Abstract: "Enlargement, Structural Change, CAP Reform, and Trade Liberalization in European Agriculture." A special issue of the Journal of International Agricultural Trade and Development. Frank H. Fuller and John C. Beghin, guest editors, Vol 3, 2007 Table of Contents Enlargement, Structural Change, CAP Reform, and Trade Liberalization in European Agriculture: Highlights of the Special Issue Frank H. Fuller and John C. Beghin Agricultural Productivity Growth in the European Union and Transition Countries Supawat Rungsuriyawiboon and Alexej Lissitsa European Integration, Reforms, and Governance of Food Supply Chains in Eastern Europe Johan F.M. Swinnen Differentiated Food Quality Standards and Industry Structure in the Enlarged EU: The Polish Meat Sector Marie-Luise Rau and Frank van Tongeren The Impact of the European Enlargement and CAP Reforms on Agricultural Markets. Much Ado about Nothing? Jacinto F. Fabiosa, John C. Beghin, Fengxia Dong, Amani Elobeid, Frank H. Fuller, Holger Matthey, Simla Tokgöz, and Eric Wailes The 2003 Mid-Term Review of the Common Agricultural Policy: A Computable General Equilibrium Analysis for Ireland Janine Dixon and Alan Matthews Policy Implications of the Decoupling of the EU Cotton Subsidies Manuel Arriaza and José A. Gomez-Limon Preferences Erosion and Trade Costs in the Sugar Market: the Impact of the Everything But Arms Initiative and the Reform of the EU Policy Piero Conforti and George Rapsomanikis The EU Import Regime for Oranges - Much Ado about Nothing? Linde Götz and Harald Grethe
    Date: 2007–02–23
  10. By: Joachim Wagner (Institute of Economics, University of Lüneburg)
    Abstract: Using unique recently released nationally representative high-quality longitudinal data at the plant level, this paper presents the first comprehensive evidence on the relationship between exports and productivity for Germany, a leading actor on the world market for manufactured goods. It applies and extends the now standard approach from the international literature to document that the positive productivity differential of exporters compared to non-exporters is statistically significant, and substantial, even when observed firm characteristics and unobserved firm specific effects are controlled for. For West German plants (but not for East German plants) some empirical evidence for self-selection of more productive firms into export markets is found. There is no evidence for the hypothesis that plants which start to export perform better in the three years after the start than their counterparts which do not start to sell their products on the world market. Results for West Germany support the hypothesis that the productivity differential between exporters and non-exporters is at least in part the result of a market driven selection process in which those export starters that have low productivity at starting time fail as a successful exporter in the years after the start, and only those that were more productive at starting time continue to export.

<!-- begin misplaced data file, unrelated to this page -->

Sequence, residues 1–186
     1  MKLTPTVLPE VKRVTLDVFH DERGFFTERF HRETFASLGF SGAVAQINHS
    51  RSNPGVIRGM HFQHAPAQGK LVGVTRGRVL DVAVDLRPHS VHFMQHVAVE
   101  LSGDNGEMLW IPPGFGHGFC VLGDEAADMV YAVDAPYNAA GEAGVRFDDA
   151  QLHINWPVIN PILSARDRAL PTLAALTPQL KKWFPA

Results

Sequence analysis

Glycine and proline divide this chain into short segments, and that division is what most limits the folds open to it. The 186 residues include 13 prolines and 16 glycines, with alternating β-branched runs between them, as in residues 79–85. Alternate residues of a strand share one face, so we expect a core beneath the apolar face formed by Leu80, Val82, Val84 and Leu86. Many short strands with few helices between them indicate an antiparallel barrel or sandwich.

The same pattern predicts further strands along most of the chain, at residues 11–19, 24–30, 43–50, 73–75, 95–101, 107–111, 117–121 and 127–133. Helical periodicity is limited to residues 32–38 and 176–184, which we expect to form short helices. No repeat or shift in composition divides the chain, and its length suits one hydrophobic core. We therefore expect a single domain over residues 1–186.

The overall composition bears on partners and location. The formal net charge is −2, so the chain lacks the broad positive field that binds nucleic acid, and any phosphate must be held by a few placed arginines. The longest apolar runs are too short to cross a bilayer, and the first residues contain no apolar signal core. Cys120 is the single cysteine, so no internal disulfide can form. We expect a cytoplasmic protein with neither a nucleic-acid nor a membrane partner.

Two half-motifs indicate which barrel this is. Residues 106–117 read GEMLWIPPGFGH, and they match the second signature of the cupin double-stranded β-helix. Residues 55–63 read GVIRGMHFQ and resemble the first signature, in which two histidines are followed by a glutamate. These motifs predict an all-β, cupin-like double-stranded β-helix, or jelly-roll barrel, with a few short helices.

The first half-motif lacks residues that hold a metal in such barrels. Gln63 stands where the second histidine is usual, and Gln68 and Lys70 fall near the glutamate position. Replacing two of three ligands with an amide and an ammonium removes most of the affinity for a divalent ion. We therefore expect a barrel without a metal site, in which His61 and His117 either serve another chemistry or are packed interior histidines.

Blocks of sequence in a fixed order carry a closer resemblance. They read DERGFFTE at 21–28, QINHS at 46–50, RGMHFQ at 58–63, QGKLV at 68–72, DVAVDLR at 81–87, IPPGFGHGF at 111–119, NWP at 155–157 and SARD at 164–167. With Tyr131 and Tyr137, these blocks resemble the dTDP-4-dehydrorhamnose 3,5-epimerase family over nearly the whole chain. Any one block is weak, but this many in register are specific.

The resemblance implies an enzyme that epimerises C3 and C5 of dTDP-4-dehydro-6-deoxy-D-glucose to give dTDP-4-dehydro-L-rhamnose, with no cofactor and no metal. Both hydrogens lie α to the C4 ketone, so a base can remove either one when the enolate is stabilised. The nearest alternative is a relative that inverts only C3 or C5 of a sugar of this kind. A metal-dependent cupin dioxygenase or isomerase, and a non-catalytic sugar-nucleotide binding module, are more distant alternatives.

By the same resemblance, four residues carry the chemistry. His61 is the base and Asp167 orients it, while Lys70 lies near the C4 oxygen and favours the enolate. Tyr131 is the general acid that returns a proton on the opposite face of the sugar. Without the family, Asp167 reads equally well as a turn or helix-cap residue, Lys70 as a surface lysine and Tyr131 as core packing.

Keywords: Exports, productivity, micro data, Germany
    JEL: F14 D21
    Date: 2007–03
  11. By: Joachim Wagner (Institute of Economics, University of Lüneburg)
    Abstract: Using unique new data and a recently introduced non-linear decomposition technique this paper shows that the huge difference in the propensity to export between West and East German plants is to a large part due to differences in firm size and human capital intensity.
    Keywords: Exports, micro data, West Germany, East Germany
    JEL: F14
    Date: 2007–03
  12. By: Joachim Wagner (Institute of Economics, University of Lüneburg)
    Abstract: Using panel data from Spain Farinas and Ruano (IJIO 2005) test three hypotheses from a model by Hopenhayn (Econometrica 1992): (H1) Firms that exit in year t were in t-1 less productive than firms that continue to produce in t. (H2) Firms that enter in year t are less productive than incumbent firms in year t. (H3) Surviving firms from an entry cohort were more productive than non-surviving firms from this cohort in the start year. Results for Spain support all three hypotheses. This paper replicates the study using a unique newly available panel data sets for all manufacturing plants from Germany (1995 – 2002). Again, all three hypotheses are supported empirically.
    Keywords: Exports, Entry, exit, productivity
    JEL: L11 L60
    Date: 2007–03

This nep-int issue is ©2007 by Martin Berka. It is provided as is without any express or implied warranty. It may be freely redistributed in whole or in part for any purpose. If distributed in part, please include this notice.